What is the Difference Between a Commercial Contract and a Consumer Contract?
Contracts are categorised in a number of ways. However, there are two overall alternative categories into which any contract will fall: it will be either a “commercial contract” or a “consumer contract”.
To explain this in brief terms, a consumer contract is in essence one where a commercial entity (e.g. a retail seller of goods or services) is dealing with an individual who is not buying in the course or for the purpose of any business. For example, a self-employed decorator might accept a request from a home owner to paint the latter’s house – in this case the home owner is a consumer.
If that home owner had instead been a person who owned a shop and they had arranged for the decorator to paint that shop, the shop owner would not be a consumer because the arrangement to paint their shop would have been made in the course of their business. The contract would in that case therefore be a “commercial contract”.
Why is this distinction made in law, and what is the impact of the distinction?
The policy of the law in relation to parties to commercial contracts is essentially to regard those parties as experienced enough to be able to look out for their own interests, and the law allows them to a large extent to have freedom to agree to whatever terms of contract they wish, without the courts seeking to limit that freedom unnecessarily. Whilst the law in certain cases does render void certain types of commercial agreements or provisions in them, in general it avoids such an interference with an agreement made between business people.
In contrast to this, where a business deals with a consumer, the policy of the law is to seek to protect that consumer in various ways. In practical terms, it means that the law does not allow a business to include any and all terms in a contract as it wishes where it is dealing with a consumer. It is required by consumer legislation to omit certain types of term, and, if it does not do so, those terms will be void and of no effect in law. An example would be a clause extensively excluding liability of the business where the liability arises from breach of contract or negligence of the business. In some cases it might actually also be unlawful to include in a consumer contract certain provisions even though the same provisions would be void if included anyway.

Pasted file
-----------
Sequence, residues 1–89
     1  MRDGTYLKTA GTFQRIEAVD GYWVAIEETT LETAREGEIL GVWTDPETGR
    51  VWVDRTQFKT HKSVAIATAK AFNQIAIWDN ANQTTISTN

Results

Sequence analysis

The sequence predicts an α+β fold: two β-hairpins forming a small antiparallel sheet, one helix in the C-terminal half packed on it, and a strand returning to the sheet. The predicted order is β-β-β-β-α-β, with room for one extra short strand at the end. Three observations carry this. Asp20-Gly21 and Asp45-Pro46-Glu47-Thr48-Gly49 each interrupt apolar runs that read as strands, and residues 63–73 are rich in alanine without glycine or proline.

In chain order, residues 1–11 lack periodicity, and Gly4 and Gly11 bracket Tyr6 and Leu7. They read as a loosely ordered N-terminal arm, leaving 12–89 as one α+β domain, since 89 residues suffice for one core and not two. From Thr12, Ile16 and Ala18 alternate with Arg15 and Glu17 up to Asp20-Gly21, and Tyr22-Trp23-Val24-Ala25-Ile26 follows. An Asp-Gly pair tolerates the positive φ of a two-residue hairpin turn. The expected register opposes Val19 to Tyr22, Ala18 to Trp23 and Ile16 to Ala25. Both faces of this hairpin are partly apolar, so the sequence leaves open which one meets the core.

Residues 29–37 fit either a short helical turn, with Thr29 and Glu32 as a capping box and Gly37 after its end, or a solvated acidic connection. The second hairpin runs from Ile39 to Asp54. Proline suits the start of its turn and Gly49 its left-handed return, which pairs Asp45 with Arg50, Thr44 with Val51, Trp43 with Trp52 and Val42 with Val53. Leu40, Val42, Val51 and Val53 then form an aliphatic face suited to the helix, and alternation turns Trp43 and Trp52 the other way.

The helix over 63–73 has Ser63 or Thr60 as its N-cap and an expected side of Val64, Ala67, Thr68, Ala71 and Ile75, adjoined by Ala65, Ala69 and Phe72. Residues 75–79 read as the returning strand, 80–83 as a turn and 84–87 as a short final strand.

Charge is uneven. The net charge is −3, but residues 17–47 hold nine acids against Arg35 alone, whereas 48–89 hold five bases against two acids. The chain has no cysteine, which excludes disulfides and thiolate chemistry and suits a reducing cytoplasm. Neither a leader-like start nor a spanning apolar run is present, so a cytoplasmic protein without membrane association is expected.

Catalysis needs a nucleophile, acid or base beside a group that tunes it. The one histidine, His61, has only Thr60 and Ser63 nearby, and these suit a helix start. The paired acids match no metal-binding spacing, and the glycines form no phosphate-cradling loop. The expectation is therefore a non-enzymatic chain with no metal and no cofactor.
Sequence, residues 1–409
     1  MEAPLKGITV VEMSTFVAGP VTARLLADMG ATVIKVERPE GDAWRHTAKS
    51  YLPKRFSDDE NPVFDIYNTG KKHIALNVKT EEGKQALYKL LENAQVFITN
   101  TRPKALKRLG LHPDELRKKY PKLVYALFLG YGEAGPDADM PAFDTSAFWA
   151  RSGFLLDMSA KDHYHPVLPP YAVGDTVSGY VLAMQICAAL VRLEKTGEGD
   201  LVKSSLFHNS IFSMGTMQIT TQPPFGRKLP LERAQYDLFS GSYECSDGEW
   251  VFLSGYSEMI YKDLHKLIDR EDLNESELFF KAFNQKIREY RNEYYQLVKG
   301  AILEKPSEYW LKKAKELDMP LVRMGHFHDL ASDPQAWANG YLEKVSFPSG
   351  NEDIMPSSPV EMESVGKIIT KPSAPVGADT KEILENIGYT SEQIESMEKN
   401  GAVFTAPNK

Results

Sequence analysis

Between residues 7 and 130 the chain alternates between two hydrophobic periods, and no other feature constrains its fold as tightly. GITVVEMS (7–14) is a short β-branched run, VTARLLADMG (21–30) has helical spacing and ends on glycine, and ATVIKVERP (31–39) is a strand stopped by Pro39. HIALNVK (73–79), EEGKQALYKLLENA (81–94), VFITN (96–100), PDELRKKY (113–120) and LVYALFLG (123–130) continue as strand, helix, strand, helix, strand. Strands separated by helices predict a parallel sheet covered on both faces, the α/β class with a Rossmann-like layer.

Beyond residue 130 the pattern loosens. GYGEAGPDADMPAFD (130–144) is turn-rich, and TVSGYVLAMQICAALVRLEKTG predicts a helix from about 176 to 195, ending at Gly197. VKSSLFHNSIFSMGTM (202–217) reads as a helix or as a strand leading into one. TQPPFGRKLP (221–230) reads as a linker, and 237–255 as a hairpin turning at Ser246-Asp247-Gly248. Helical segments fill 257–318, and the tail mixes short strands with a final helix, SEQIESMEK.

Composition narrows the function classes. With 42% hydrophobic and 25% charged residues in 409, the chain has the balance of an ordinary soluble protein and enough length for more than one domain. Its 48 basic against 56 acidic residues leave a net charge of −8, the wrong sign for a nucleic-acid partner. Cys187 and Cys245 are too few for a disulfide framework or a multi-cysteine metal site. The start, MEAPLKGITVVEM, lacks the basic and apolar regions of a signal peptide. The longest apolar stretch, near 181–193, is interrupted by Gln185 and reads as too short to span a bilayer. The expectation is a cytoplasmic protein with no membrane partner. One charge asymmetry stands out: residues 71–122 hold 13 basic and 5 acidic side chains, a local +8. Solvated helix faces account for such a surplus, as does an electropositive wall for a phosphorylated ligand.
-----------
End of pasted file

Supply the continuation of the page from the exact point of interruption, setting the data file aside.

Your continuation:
In some cases, the law provides particular remedies (e.g. cancellation rights) for a consumer customer which it does not provide for a commercial entity that is the customer, and it makes void any attempt by a business to include anything in the contract that would exclude those remedies. In relation to some cases, the law requires the business to include certain terms in a consumer contract and to provide certain information to the consumer about their consumer rights, and there are adverse legal consequences for the business if it fails to do so.
It is therefore essential for any business to ensure that the contents of their standard terms and conditions for consumers, and any other contracts with consumers, comply with all applicable consumer laws.
Where a business deals with commercial and consumer customers, it needs to use separate forms of contract/standard Terms and Conditions for each of these two categories of customer. There are numerous templates available on the Simply Docs website which exist in two forms, one for dealing with consumers (“B2C”), and one for commercial customers (“B2B”), for example, sets of terms for printing on the reverse of a Quotation which you can see here in both B2C and B2B form, and sets of terms for supply of services by tradesmen which you can see here in both B2C and B2B form.